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Will New Trans Military Ban Sidestep Court Injunctions?

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Secretary of Defense James Mattis. | DEPARTMENT OF DEFENSE/ AIR FORCE TECH. SGT. BRIGITTE BRANTLEY

In a policy roll-out that may successfully sidestep existing court injunctions against President Donald Trump’s proposed ban on transgender military service, the White House on March 23 announced a policy, based on the recommendations of Defense Secretary James Mattis, that would bar service by almost any trans individual, with only very limited exceptions.

In a 48-page memorandum to the president dated March 22, Mattis recommended that anyone with a history of gender dysphoria — the sense that one’s gender identity is different than the gender they were assigned at birth based on biology — is barred from military service, unless the individual has been “stable” in their biological gender for three years prior to enlisting, has been diagnosed with gender dysphoria while in the service but does not require gender transition, or was in the service and began to transition under former President Barack Obama’s policy, announced in 2016, to open military service to transgender people.

Amplifying on those guidelines, the Pentagon chief specifically stated that any transgender person who requires or has undergone gender transition — except the limited group who began doing so under the Obama reform — are disqualified. And transgender individuals who never received a gender dysphoria diagnosis may serve, but only in their biological sex.

The practical impact of this policy is that it would essentially ban transgender enlistment and mean the discharge of actively serving trans members of the military — with the exception of those willing to live in their biological sex despite the gender identity they feel psychologically and emotionally.

For advocates who have worked for years to open up military service to transgender Americans and were buoyed by a series of four federal court decisions enjoining Trump’s policy as announced last summer from taking effect, the reaction was swift.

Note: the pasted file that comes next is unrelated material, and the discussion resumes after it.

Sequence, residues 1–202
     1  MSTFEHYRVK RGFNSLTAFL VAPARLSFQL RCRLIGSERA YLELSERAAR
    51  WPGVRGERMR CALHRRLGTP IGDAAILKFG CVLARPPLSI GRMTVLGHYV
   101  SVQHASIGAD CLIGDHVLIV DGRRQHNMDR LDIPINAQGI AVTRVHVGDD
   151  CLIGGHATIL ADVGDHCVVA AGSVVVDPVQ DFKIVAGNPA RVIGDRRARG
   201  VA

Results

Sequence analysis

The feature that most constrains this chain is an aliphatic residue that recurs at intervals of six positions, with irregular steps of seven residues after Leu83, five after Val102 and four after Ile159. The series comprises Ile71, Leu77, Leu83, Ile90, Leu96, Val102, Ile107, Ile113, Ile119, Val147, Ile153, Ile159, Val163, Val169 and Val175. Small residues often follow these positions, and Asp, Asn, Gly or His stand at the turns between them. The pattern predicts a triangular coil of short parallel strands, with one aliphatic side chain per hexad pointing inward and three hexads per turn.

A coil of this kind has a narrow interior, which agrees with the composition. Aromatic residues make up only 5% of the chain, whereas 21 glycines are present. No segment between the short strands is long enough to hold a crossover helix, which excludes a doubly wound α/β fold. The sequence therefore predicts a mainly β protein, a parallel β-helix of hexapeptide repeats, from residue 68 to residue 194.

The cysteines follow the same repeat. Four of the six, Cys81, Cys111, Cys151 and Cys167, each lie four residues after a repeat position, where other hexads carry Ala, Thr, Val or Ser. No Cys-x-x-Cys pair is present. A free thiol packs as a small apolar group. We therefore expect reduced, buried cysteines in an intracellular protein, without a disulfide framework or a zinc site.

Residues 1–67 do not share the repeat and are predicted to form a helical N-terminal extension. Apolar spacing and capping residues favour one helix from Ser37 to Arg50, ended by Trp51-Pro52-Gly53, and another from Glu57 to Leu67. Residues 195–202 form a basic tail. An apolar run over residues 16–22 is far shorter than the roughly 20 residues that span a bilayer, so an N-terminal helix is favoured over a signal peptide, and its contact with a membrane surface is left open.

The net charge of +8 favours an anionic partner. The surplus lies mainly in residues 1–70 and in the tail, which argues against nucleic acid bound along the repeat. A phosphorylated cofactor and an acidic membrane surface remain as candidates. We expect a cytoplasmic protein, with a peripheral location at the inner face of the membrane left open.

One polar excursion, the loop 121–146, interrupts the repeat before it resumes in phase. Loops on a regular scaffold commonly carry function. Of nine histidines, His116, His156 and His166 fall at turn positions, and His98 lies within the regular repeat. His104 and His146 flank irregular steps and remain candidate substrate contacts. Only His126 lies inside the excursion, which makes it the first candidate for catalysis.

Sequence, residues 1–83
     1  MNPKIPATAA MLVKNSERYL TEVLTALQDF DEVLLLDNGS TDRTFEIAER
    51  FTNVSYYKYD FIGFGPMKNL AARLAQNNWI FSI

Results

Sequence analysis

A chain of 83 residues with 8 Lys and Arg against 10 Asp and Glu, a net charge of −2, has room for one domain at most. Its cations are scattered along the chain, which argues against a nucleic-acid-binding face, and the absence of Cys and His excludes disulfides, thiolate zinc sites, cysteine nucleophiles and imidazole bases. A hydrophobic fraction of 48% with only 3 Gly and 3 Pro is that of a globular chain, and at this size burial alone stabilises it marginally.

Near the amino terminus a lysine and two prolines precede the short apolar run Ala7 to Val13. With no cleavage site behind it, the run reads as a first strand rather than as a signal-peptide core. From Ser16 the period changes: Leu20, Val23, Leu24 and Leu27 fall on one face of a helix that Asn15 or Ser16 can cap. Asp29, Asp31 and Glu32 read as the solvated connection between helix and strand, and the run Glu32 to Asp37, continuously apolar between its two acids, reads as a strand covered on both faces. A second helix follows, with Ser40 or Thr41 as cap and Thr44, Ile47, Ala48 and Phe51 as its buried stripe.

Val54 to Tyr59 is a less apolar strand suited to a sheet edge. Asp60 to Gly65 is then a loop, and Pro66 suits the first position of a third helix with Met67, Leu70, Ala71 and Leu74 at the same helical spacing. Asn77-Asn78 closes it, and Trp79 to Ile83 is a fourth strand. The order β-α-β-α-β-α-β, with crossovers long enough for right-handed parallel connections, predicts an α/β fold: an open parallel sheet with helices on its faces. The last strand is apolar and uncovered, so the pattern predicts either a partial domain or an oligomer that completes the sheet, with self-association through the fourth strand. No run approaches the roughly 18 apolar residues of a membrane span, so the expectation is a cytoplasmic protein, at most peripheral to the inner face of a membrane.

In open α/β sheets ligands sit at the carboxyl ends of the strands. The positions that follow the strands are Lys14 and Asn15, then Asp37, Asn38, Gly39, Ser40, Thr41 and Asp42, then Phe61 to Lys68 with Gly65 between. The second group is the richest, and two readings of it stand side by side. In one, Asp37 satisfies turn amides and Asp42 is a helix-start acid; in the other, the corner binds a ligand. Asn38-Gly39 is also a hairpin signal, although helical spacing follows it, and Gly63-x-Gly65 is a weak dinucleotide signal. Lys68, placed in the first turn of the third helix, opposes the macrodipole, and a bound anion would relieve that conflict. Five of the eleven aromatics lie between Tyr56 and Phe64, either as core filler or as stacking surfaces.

In a written statement, Mara Keisling, executive director of the National Center for Transgender Equality, said, “This is the same reckless ban that has been rejected by the federal courts, the American Medical Association, many bipartisan members of Congress, and most of the American people. Yet the Trump-Pence administration keeps trying to barrel ahead. This plan has no basis in science, medicine, facts, or military readiness — only weak, after-the-fact justifications for President Trump’s irresponsible tweets. It aims to force out trained, capable service members and prevent the military from obtaining the most qualified personnel. A fraction of current service members who have already transitioned may be ‘grandfathe­red’ in and not discharged — but after this announcement, they will serve under a cloud of hostility. Transgender troops have always served our country, and thousands of trained and capable transgender troops have been serving ably and openly for nearly two years without issue. Implementing this plan would cause needless chaos and expense for the military and discard valuable personnel with critical skills, not because they can’t do their job but because of who they are.”

Peter Renn, a senior attorney at Lambda Legal, which has challenged the president’s proposed ban in court, stated, “The ‘plan’ unveiled today is nothing more than a transparent ruse cobbled together with spittle and duct tape designed solely to try to mask discrimination. A plan to implement an unconstitutional decree is an unconstitutional plan. In 2016, after careful and deliberate study, the Pentagon determined that the prohibition on open service by transgender people lacked any foundation and lifted the ban. Since then, transgender troops had been serving openly and successfully — until President Trump unleashed his incendiary barrage of uninformed tweets.”